A Few Reminders For Healthy Pets



This column will be made up of tidbits of information gathered from a variety of sources. Some fun dog events are coming up that you certainly will not want to miss.

Payson Feed is having a "People and their Amazing Animals Talent Search". This could be your pet's path to fame and -- well maybe not fortune -- but certainly fun, since the winner will go on to national contests. Dog, cat, bird, pig, whatever -- bring your talented pet into Payson Feed on Saturday, August 21, from noon to 4 p.m. All animals must be on leash or in a carrier or crate. This event is sponsored by Purina Mills.


Cookie keeps a close watch as Nancy Helmkamp clips his nails. Cookie, a mascot at ERA Realty in Strawberry is owned by Gary Rains but spoiled by everyone.

There will be three events. The "talent" category will be judged on the talent of the animal as well as his overall behavior and the uniqueness of the talent. The "most unusual" will be determined by the uniqueness of the animal, the owner/animal relationship and whatever else makes him unusual. The final category is the "cutest" and is for children 12 and under and their pet. Judging will be based on the relationship of the pet and the child, the pet's appearance and whatever else makes him cute. Bring your pet or come and watch. This should be a fun event.

The annual Dog Day in the Park, sponsored by PAWS in the park will be October 2 at the dog park. There will be fun and games, contests and information. Reserve the day and watch for more information. Start working on that wonderful costume.

During the fire season, I was reminding you to make sure your pet's shots were current. There has been some information floating around recently that many of the shots we normally get for our dogs are not needed every year. While discussing dog food and nutrition recently with Dr. Hallman of Star Valley Vet Clinic, he mentioned that because we live in an area where there is great exposure to all kinds of wild animals, and also because there are lots of feral animals and pets that are not well cared for running loose, these annual shots are very important. Parvo, for one, is very prevalent in the area. We need to keep our pets' vaccinations up to date. Rabies vaccinations are vital, but they are on a different schedule. Be sure to discuss all this with your veterinarian.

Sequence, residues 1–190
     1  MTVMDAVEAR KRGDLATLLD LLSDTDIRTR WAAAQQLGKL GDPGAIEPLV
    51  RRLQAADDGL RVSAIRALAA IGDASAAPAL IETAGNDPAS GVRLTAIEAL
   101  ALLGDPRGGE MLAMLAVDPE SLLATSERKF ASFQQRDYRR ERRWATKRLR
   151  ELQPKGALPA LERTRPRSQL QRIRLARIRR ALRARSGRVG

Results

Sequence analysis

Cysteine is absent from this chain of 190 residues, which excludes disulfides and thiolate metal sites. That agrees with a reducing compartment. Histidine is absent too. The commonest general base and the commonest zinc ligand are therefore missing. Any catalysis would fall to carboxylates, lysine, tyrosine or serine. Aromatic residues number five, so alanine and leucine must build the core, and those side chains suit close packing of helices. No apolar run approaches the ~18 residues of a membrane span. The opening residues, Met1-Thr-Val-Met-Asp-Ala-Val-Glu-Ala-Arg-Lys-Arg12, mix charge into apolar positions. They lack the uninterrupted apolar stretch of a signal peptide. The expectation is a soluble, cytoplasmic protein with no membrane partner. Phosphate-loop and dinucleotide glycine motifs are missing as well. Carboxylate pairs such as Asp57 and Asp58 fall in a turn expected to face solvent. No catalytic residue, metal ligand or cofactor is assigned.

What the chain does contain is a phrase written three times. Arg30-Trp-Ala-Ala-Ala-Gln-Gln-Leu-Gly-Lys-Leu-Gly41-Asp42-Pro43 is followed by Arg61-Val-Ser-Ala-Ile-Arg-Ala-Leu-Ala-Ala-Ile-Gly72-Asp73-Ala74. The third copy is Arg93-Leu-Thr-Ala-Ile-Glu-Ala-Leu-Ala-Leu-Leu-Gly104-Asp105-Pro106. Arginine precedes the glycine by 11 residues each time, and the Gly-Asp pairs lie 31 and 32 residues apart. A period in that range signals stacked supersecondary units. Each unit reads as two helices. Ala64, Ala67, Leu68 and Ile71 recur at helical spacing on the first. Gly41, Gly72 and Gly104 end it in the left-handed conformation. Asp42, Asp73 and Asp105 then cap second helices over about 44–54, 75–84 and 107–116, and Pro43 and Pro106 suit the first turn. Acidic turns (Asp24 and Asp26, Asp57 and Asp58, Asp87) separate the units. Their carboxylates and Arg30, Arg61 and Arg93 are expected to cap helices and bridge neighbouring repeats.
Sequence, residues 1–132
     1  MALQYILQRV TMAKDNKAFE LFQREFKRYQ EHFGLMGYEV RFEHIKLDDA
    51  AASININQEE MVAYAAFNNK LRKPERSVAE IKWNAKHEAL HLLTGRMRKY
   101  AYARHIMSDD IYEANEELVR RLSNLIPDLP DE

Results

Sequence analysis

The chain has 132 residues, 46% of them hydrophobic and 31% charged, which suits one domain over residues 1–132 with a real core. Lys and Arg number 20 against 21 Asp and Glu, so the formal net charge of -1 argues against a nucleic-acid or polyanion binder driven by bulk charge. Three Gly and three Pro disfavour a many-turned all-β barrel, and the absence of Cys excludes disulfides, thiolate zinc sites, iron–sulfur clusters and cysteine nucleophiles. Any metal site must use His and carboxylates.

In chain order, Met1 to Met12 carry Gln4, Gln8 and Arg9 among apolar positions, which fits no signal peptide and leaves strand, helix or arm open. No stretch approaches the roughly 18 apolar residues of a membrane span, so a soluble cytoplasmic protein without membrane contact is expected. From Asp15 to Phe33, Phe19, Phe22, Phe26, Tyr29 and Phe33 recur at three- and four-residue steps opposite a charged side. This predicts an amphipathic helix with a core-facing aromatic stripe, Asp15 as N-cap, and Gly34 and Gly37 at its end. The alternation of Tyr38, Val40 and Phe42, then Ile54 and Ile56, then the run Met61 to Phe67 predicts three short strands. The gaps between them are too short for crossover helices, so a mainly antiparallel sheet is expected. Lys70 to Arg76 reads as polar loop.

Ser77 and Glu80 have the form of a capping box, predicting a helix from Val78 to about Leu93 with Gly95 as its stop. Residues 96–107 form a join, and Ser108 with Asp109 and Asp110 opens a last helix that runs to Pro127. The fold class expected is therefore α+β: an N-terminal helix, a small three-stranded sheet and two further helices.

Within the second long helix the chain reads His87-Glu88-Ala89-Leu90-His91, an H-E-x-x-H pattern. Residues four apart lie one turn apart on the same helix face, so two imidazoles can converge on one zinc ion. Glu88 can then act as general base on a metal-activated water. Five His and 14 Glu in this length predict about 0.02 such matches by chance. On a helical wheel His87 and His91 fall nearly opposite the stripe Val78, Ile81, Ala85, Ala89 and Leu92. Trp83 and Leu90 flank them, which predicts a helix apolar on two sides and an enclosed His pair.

Nail clipping has been the subject of previous columns, but a recent article in Dog Fancy magazine gave some good pointers for people who are afraid to cut their pet's nails or own dogs who fight the procedure. Nail clipping is so important because if the nails get too long, it causes pain as the dog walks. Also, those extra long nails can grow back into the pad of the foot. The trick is to clip often and just the tips and then you will not need to worry about cutting into the quick. But if your dog fights you, here are some suggestions. Leave the clippers lying next to his food dish so that he gets used to seeing them. When you are watching TV, work your fingers down the legs and around the feet. His reactions will determine how slowly you proceed. Have the clipper sitting beside you where he can see it. When he is quite comfortable with your handling of his feet, hold the clipper in your hand as you move your fingers over the paw and eventually, rub the clipper over his nails and paw. When you think he is relaxed, hold one paw and clip one nail -- just the very tip. Praise him profusely and tell him what a good boy he is. Give him a treat and set the clipper down. Repeat the process the next day, doing just one nail but give treats and praise. When you think he is ready, clip a whole foot at once. Soon, with this patient approach, you can do all the nails in no time at all.

Another thing I was reminded lately concerns matting. Some dogs and cats develop mats readily while others easily avoid them. Frequent brushing keeps them out of the coat. Fleas and dry skin causing scratching encourages mats to develop. Skin can be pulled into the center of a mat, so do not attempt to cut it out without working through it with your fingers first. If your dog is badly matted, a dematting solution is available. Work this into the mat and then separate the hairs with your fingers before you work with a brush. Tugging on these mats is very painful for the dog or cat so be gentle.

That's all for today folks.

Christy Wrather is a columnist for the Payson Roundup. She can be reached by e-mail at cpwrather@earthlink.net or by snail mail at HC1 Box 210, Strawberry, AZ 85544.

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